TIPPECANOE COUNTY, Ind. (WLFI) - $103 million in state funding could be cut from public universities across the state.
The cuts were announced by state leaders last week after they saw drops in tax collections amid the coronavirus pandemic.
"We do understand why they are taking some of these measures," said Matt Hawkins, Senior Vice President for Business Affairs at Ivy Tech Community College.
Under the plan, Indiana's seven public universities would have their 2020-2021 funding reduced by 7%.
University funding makes up around 10% of the state's budget.
The Indiana Commission for Higher Education said the budget cuts do not come as a surprise.
"These cuts will require institutions to significantly adjust operations and services, and Indiana’s institutions have been developing contingency plans over the past several months in effort to prepare for a variety of scenarios," said the commission in a statement. "At the same time, these cuts will not impact student financial aid, which is important to ensure college affordability for all Hoosiers in a time when there will most likely be increased financial need for students and families."
At the local level, both Purdue and Ivy Tech are facing possible cuts in funding as a result.
"Purdue's share of that is roughly $25 million across the system with around $19 million of that hitting West Lafayette," said Purdue Treasurer Chris Ruhl.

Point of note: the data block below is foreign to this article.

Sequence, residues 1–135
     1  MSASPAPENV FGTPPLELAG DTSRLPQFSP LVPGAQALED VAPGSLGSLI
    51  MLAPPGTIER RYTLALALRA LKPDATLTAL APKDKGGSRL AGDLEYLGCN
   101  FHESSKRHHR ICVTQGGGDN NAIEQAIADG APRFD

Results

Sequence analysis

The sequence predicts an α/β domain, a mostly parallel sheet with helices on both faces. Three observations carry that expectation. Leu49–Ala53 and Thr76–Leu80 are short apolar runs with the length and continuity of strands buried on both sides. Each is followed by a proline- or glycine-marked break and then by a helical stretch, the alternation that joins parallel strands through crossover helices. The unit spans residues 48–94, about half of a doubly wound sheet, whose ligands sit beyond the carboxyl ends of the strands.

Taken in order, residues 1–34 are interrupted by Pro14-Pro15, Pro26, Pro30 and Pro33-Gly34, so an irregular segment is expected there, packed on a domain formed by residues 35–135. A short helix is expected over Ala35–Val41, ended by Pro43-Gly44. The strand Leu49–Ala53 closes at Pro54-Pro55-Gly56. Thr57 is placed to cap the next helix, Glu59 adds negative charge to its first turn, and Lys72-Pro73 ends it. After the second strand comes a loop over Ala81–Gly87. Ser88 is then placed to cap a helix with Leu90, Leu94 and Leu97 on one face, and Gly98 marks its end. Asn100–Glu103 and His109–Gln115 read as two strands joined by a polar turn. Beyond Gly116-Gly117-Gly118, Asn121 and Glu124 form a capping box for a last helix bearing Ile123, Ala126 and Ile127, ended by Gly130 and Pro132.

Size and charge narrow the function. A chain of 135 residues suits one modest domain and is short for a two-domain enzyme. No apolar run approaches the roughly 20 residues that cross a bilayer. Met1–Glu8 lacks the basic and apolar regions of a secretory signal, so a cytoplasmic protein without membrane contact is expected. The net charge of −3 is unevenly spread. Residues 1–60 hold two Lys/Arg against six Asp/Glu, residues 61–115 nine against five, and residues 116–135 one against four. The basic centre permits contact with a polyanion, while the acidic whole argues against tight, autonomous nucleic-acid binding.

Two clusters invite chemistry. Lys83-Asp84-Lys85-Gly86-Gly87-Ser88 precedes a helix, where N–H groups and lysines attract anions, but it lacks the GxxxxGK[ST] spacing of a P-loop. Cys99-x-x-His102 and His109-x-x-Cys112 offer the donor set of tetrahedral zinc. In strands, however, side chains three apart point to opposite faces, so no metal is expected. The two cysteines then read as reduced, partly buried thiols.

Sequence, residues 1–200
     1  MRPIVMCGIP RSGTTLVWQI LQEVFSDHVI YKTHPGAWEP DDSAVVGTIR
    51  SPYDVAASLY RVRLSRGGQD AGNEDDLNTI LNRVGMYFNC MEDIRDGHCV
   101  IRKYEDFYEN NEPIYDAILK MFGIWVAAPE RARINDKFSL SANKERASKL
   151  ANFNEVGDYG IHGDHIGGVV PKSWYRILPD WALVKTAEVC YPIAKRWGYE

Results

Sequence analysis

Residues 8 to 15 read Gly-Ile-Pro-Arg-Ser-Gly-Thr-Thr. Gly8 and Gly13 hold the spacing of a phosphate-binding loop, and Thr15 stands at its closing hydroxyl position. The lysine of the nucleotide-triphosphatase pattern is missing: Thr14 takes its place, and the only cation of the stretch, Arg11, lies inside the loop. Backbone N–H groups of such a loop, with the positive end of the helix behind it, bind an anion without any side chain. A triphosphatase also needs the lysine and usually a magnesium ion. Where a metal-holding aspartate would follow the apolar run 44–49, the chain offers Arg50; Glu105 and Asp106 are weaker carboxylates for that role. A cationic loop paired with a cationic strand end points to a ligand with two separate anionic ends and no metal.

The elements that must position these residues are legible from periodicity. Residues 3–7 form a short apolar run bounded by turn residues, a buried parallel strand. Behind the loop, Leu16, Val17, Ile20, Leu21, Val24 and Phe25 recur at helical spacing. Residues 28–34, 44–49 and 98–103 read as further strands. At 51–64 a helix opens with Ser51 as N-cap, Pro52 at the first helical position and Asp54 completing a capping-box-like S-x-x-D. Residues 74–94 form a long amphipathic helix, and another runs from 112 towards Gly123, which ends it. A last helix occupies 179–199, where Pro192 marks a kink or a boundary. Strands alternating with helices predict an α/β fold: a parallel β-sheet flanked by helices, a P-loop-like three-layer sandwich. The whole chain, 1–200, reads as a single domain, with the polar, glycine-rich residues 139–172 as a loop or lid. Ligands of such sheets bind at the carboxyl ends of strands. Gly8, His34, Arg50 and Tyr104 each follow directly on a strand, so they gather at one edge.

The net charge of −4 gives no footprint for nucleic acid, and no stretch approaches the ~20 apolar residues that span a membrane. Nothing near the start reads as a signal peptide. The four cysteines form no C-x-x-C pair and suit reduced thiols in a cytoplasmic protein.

Ruhl said Purdue University was prepared for such a reduction.
"We built a budget that included the reduction and we're ultimately going to manage our spending in a way that'll take account for the lost revenue," said Ruhl.
This includes halting certain projects across campus, but Ruhl says the new budget still includes a tuition freeze.
"Student affordability is still a top priority for the university, especially in this environment right? It's really an important message to students that we're looking out for them," said Ruhl.
Ivy Tech's Senior Vice President for Business Affairs Matt Hawkins said the community college has also made changes such as salary freezes to create reserves in funds.
"We knew the state wouldn't be able to give out money that it didn't have and we knew they would have revenue shortfalls. So we were trying to do our part early on in our budget development," said Hawkins.
Funding received through the federal CARES Act would help offset some of the cuts.
The relief package distributed nearly $82 million to colleges statewide with at least 50% being required to provide direct aid to students.